(For trends on public views of spending in all 14 areas, see appendix of topline graphics)
Where partisans differ – and mostly agree – on federal spending
Reflecting their overall disagreement on the size and role of government, Democrats are far more likely than Republicans to favor increased federal spending in most specific areas. However, on spending for veterans benefits and infrastructure improvements, similar majorities of both Republicans and Democrats back increased spending.
Nearly eight-in-ten Democrats and Democratic leaners (78%) and 70% of Republicans and Republican leaners say they would increase federal spending on veterans benefits and services. Most Democrats (61%) and Republicans (55%) also support more spending on infrastructure improvements.
But far more Democrats than Republicans favor increased spending for aspects of the social safety net. For example, 71% of Democrats and Democratic leaners say they would increase federal spending on health care, compared with 28% of Republicans and Republican leaners. And while 63% of Democrats favor increased spending on economic assistance to needy people in the U.S., fewer than half as many Republicans (26%) favor this.
In many other areas as well, including environmental protection, scientific research and education, there is much greater support for higher levels of spending among Democrats than Republicans.
Yet while Republicans are less likely than Democrats to back increased spending on 11 of the 14 program areas in the survey, there is only one for which a majority of Republicans support spending cuts. Most Republicans (56%) favor decreasing federal spending on economic assistance for needy people around the world; just 13% of Democrats would cut spending in this area (45% would keep it at its current level and 41% favor increased spending).
Military defense and anti-terrorism defense are two of Republicans’ top spending priorities, and two programs for which they are more likely than Democrats to back greater spending. About seven-in-ten Republicans (71%) would spend more on military defense, compared with 31% of Democrats. On U.S. anti-terrorism defenses, 61% of Republicans and 33% of Democrats say they would increase federal spending.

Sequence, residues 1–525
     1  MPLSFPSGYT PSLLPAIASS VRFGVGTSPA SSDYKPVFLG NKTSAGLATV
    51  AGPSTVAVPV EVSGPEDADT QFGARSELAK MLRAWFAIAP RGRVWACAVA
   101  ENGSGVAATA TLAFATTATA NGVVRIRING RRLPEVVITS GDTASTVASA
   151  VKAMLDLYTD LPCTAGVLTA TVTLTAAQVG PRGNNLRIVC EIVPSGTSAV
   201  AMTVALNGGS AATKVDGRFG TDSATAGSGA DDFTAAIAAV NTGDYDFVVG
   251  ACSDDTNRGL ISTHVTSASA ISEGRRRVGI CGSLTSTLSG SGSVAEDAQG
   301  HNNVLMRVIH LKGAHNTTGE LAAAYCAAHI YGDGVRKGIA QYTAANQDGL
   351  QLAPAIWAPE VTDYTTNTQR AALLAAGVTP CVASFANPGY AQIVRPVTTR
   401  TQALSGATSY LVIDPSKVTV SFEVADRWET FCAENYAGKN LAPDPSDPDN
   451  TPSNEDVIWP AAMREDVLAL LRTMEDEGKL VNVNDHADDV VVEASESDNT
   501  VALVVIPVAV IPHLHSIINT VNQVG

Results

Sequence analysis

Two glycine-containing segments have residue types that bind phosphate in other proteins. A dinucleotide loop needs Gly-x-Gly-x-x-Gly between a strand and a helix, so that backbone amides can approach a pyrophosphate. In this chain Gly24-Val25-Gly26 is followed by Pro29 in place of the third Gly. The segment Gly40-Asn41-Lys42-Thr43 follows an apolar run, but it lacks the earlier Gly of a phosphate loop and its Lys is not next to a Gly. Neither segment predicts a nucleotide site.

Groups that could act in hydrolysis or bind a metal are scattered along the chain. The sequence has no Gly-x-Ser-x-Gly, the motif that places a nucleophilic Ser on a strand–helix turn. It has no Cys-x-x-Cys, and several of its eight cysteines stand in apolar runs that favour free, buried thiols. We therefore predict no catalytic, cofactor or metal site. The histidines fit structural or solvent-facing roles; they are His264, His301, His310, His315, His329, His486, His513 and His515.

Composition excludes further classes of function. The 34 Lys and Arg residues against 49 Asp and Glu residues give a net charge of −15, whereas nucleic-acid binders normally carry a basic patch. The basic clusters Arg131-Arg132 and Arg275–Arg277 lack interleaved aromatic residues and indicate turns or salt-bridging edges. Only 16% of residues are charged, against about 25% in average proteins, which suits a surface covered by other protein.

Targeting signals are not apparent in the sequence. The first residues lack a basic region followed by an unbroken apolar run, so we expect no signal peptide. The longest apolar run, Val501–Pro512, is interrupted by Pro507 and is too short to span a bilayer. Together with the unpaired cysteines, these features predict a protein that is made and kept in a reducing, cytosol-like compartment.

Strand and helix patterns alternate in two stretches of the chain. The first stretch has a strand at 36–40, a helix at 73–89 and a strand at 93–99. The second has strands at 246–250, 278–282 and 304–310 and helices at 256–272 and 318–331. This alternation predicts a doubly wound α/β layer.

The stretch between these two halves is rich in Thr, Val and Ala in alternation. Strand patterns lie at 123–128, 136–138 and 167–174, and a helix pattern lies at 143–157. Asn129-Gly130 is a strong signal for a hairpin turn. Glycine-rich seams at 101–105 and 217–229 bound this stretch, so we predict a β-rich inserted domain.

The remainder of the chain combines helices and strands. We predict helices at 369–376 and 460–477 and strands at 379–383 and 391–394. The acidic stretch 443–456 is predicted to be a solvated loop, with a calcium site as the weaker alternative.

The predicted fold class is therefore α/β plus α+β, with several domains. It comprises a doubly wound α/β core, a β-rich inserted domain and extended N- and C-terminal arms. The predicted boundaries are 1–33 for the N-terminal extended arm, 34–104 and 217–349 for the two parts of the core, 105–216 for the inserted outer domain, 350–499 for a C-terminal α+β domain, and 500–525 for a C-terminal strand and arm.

For many programs, the rise in overall support for increased spending has occurred among both Republicans and Democrats. (For more see detailed tables.)
Anti-terrorism and military defense are two exceptions to this pattern: On these two issues, partisans have diverged in their support for increased government spending.
In 2013, nearly identical shares of Democrats and Republicans (33% each) favored increased spending on anti-terrorism defenses in the U.S. In the current survey, however, there has been sharp increase in Republican support for more spending on anti-terrorism (to 61%), while Democrats’ views are unchanged.
Similarly, while Republicans have long been more likely than Democrats to say they would increase spending on military defense, the gap between partisans on this spending priority has widened over the last several years. In 2013, there was a 22-point gap between the shares of Republicans (44%) and Democrats (22%) who said they would increase military defense spending. Today, that gap is 40 points, with 71% of Republicans and 31% of Democrats each saying they would increase spending on military defense.
Views of size and scope of government
For the first time in eight years, about as many say they would rather have a bigger government that provides more services (48%) as say they’d prefer a smaller government providing fewer services (45%). Since last September, overall support for bigger government is up 7 percentage points and this shift is seen across most demographic groups.
Majorities of adults 30 years old and younger (57%) and ages 30-49 (54%) say they would rather have a bigger government providing more services. Fewer adults ages 50-64 (38%) and adults ages 65 and older (40%) say this.
Those with family incomes of $75,000 or more are much less likely than those with lower incomes to say they’d prefer a bigger government that provides more services. Just about a third of those earning $75,000 or more (35%) say this, compared to 44% of those with family incomes between $30,000 and $75,000 and nearly two-thirds (64%) of those making less than $30,000 a year.
As has long been the case, there is a wide partisan divide in views of the size and role of government. Nearly three-quarters of Republicans and Republican leaners (74%) say they would rather have a smaller government providing fewer services. Most Democrats and Democratic leaners (65%) say they’d rather have a bigger government that provided more services. The partisan divide on this question is not much different than it was in September, when 80% of Republicans backed a smaller government and 63% of Democrats favored a bigger government.